McIlroy plans to be 'chilled and quiet' at this year's Masters. Photo: Mahmoud Khaled/EPA

LONDON – It must be difficult telling close friends they can’t come to Augusta, and particularly when, as Paul McGinley evocatively puts it, you’re standing on the edge of history.

But Rory McIlroy has shown another side to his easy-going nature this week and cut down dramatically on his entourage at the Masters, as he prepares for his fourth attempt at the career Grand Slam.

“I’m going to upset a few people, but if I end up winning the green jacket, I won’t mind that,” he said. “The problem is it’s the tournament everyone wants to go to, and it can become quite a production, with seven people in one house and 10 in another. This year, I want it to be chilled and quiet.”

The Northern Irishman knows it will be anything but once he steps on to the grounds at Augusta. As if there wasn’t enough pressure trying to become just the sixth player to complete the Slam, he’s now the tournament favourite ¬following his stunning victory at the Arnold Palmer Invitational last month.

“That showed me my game is in the right order for Augusta,” said McIlroy. “You want to see you can execute certain shots under the gun on Sunday, and I did that.

“As for the other bit, I’m 28 and it’s important I remember I’ve got plenty of good years left. I realise every year that passes is another chance that got away, but I’m just delighted to be part of this conversation.

“There are only three active players who can do it (Phil Mickelson needs to win the US Open and Jordan Spieth the USPGA), and I’m thrilled to be one of them. I’m first up as well, so let’s see how it goes.”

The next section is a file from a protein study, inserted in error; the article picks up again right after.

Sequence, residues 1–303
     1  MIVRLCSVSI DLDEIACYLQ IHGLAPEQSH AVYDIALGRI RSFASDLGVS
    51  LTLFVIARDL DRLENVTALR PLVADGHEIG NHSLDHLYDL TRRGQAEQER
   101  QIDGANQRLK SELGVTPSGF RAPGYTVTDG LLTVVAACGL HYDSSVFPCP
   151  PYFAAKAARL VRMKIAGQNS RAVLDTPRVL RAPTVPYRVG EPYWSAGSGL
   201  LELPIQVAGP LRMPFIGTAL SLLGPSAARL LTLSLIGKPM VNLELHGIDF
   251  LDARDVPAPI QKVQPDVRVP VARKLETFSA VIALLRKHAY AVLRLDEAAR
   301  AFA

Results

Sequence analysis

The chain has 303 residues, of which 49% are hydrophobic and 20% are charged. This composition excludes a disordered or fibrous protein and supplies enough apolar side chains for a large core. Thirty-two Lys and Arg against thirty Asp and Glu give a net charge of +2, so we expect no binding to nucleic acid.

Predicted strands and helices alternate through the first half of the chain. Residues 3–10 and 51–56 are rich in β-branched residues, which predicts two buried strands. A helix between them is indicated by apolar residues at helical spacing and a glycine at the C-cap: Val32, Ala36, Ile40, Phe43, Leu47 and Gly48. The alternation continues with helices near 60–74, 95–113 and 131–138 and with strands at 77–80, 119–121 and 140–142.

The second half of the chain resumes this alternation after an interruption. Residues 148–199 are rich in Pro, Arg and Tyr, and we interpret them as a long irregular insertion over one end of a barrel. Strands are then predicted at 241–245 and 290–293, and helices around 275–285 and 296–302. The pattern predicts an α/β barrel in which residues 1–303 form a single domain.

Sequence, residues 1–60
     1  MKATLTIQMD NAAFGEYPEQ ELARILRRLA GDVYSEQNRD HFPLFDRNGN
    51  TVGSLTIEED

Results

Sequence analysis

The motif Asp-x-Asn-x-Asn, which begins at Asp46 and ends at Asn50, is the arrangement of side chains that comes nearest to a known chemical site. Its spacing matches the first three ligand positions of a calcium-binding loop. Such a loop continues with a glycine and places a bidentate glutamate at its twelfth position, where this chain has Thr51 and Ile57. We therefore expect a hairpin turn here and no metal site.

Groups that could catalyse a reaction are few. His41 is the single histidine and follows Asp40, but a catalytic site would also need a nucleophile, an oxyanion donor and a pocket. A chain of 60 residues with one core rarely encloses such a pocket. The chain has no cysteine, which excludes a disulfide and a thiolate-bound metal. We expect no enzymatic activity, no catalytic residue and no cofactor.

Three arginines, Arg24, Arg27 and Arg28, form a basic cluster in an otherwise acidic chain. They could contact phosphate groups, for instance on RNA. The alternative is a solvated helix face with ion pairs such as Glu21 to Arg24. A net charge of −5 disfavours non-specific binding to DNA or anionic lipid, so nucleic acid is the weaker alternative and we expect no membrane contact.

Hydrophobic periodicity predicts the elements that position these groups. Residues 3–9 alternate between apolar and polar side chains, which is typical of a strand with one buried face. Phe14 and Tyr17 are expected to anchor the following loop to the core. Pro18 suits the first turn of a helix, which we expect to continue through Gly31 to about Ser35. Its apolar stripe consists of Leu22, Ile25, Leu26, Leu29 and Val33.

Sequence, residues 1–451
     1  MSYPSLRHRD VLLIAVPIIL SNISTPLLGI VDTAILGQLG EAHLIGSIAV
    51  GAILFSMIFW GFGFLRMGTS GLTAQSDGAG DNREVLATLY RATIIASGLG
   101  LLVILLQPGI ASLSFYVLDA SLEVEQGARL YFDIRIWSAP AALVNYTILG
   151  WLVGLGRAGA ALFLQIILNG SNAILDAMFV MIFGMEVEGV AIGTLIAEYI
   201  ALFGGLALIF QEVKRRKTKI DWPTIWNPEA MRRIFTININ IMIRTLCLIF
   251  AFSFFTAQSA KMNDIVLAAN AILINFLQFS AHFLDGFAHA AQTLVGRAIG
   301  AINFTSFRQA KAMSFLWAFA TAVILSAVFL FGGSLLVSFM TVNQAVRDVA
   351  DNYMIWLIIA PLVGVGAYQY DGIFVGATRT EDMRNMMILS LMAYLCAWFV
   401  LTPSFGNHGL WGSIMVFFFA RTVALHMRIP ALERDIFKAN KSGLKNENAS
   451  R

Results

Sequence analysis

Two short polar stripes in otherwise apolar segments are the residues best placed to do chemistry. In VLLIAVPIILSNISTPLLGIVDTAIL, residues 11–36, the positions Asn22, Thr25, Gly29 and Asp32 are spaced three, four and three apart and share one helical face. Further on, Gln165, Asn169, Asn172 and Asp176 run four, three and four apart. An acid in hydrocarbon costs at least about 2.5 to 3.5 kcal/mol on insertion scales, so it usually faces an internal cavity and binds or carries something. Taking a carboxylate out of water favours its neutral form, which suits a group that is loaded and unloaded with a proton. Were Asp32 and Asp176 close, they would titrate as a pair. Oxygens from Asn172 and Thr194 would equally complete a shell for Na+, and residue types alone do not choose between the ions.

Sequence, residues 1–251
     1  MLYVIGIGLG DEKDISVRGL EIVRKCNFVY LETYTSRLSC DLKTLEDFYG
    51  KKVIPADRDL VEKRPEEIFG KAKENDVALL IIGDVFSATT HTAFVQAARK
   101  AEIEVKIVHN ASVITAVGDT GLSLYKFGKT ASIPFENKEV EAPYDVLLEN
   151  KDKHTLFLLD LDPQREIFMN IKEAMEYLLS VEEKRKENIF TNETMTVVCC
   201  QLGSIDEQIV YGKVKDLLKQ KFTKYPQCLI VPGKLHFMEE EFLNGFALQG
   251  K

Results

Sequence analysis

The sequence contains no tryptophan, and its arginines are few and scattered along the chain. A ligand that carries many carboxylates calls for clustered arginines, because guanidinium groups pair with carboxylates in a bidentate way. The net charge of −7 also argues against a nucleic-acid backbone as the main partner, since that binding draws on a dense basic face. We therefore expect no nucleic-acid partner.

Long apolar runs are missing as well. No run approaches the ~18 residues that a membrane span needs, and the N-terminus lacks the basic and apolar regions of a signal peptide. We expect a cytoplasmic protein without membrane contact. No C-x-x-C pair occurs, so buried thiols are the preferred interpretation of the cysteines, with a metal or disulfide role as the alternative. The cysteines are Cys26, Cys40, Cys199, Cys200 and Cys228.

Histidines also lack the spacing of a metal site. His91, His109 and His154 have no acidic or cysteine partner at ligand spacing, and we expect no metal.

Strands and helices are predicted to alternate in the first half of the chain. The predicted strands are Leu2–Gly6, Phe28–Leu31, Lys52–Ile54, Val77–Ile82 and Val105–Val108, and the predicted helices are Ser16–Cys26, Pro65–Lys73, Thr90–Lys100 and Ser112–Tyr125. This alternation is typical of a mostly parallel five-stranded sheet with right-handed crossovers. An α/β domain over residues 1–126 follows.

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In his three attempts so far, McIlroy finished fourth in 2015, tied 10th the following year and tied seventh last year, without looking like winning.

What’s the missing piece to get over the line in his 10th Masters?

“It’s just a case of putting it all together,’ he said. “Sometimes I’ll go on bad runs where two nines on separate days will add up to a 74 or a 75, and it makes all the difference if you can turn them into a 70 or 71.

“In 2014 I played the tough holes well, but played the par fives in even par. So, my goal the next year was to play the long holes better, and I played them in 12 under. Unfortunately, I didn’t play the tough holes as well.

“It’s finding that balance, hitting the middle of greens, making par and walking to the next tee, and birdieing the holes you should.”

Over the years, two holes in particular have given him difficulty. To be fair, the fourth and 11th give most players problems, and it’s a sign of his attention to detail that Rory has gone back over the past decade to source every flag location.

“Augusta is about having a game plan and sticking to it,” he said. “It’s very good at tempting you to do too much, but if you prepare well you can be disciplined, and that’s one thing I want to try to do.

“Everyone thinks it’s about putting, but if you can hit 14 greens in regulation, you have an unbelievable chance to wear a green jacket,” McIlroy said.